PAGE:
Wholesalers love sourcing local produce, and when available, these items are extremely popular with OFT customers. “Once local season ramps up,” Formusa shares, “we partner with Ontario farmers who produce broccoli, onions (a cooking onion and a red onion), and cauliflower.”
Kurtz and Stronach & Sons are also big fans of the province’s seasonal crops. “Locally grown is still high in demand, and we’re probably the biggest handler of Ontario-grown produce on the market, other than the farmers’ market outside,” he says.
In addition to Ontario’s field crops, its greenhouse industry in Leamington produces plenty of high quality vegetables and a few fruit items. Kurtz says the seasonal calendar begins in around April, with radishes and bok choy from greenhouses (for more information on Ontario’s burgeoning greenhouse industry, see the other article in this supplement).
“Then around mid-May, I start with the outdoor stuff: arugula, radishes, and asparagus,” Kurtz adds. Communication, he observes, is key: “We communicate well with the local growers, and they know our needs.” More importantly, he stresses, is “the facilities are all food-safe.”
All About Convenience
As consumers have become increasingly concerned about food safety, wholesalers are seeing mounting demand for packaged products, especially those that are prepared and ready to eat, offering quick, simple, healthy meals or side dishes.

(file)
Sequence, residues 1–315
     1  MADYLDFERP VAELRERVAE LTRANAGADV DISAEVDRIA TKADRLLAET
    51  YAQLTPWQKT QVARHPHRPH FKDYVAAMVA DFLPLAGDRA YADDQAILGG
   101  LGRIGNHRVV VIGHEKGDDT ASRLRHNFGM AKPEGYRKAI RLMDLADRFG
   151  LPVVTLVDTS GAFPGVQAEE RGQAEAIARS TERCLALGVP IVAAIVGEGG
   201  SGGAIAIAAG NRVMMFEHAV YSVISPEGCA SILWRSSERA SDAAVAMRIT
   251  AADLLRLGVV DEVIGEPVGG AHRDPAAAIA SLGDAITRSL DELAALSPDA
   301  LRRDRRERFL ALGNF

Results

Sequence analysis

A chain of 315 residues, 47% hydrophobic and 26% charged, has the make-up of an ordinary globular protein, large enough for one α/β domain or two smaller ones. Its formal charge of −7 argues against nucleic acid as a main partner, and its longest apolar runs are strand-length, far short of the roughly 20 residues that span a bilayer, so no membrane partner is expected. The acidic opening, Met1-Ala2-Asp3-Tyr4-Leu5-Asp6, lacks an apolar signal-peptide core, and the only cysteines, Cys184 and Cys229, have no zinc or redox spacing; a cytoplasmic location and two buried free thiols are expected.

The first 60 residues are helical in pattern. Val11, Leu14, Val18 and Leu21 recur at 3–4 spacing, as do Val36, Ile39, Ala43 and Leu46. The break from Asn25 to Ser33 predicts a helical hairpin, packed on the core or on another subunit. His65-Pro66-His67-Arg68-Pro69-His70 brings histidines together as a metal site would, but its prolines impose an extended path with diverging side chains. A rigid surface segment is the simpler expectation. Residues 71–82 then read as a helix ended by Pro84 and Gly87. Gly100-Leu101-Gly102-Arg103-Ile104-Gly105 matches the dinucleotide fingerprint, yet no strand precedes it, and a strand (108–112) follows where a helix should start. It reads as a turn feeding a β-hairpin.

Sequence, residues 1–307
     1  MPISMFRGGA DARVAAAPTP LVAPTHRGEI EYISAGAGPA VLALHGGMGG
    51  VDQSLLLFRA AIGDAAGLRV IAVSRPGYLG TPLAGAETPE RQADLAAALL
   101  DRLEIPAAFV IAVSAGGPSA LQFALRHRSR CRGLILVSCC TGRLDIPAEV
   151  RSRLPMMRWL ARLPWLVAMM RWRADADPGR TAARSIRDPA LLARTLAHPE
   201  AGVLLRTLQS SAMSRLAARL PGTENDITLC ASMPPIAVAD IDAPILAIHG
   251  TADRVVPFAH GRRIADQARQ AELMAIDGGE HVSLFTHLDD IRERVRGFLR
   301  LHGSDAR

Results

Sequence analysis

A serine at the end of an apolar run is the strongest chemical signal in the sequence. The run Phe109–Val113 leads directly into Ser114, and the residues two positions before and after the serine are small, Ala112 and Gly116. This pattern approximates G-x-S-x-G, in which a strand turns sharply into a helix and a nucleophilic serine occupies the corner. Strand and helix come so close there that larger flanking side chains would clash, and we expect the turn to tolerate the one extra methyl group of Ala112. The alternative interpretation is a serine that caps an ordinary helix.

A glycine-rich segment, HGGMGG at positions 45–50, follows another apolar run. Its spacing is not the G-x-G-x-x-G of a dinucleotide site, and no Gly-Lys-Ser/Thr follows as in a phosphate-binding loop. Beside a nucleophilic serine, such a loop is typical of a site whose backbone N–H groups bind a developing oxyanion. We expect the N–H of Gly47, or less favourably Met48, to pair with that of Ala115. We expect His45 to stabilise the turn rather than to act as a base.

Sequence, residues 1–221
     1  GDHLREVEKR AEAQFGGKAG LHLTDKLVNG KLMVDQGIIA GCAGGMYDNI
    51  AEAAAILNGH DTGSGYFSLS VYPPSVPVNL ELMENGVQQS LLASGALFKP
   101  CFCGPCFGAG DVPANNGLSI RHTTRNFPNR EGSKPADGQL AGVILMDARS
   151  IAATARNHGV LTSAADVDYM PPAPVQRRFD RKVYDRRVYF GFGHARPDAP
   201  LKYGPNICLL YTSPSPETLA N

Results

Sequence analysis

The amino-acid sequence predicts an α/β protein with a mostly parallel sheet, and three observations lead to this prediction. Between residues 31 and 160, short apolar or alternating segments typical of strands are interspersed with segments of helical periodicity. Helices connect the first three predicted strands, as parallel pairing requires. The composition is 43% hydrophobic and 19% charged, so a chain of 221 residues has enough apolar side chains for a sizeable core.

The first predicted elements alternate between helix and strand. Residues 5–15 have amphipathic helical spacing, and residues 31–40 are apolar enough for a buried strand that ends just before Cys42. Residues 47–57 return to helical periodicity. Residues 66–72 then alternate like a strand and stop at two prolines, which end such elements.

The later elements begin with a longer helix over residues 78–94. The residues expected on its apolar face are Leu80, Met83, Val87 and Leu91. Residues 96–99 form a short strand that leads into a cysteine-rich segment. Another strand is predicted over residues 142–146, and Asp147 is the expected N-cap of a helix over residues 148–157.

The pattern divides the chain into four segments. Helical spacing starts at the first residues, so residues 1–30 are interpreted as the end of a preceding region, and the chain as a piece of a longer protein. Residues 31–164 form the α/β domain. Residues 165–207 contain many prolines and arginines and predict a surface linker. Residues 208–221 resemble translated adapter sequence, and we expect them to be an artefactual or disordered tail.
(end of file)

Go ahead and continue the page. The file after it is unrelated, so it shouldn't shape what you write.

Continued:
“Prepared items are becoming a huge thing—you see more and more, and they’re making it easier,” says Kurtz. “There are recipes now, too—some of the items, like packaged beets, can actually be cooked right in the bags. Everything is already done for you. Consumers take advantage of those items because it’s less work.”
This is backed up by a 2017 Mintel study, in which 85 percent of Canadians responded they had used some sort of ‘home meal replacement’ item over the past three months. There’s no question this trend is all about convenience—among those surveyed, 44 percent said they purchase these products because they “don’t want to cook” and 36 percent said they have “no time to cook.”
As Ontario’s population surges and demand for fresh produce climbs, the province’s retail scene has grown intensely competitive.
“The competition is fierce, probably no different from anywhere else,” contends Davidson. “But I think it’s good healthy competition because everybody pushes everybody else. That’s just the way the business is, and the cream will rise to the top.”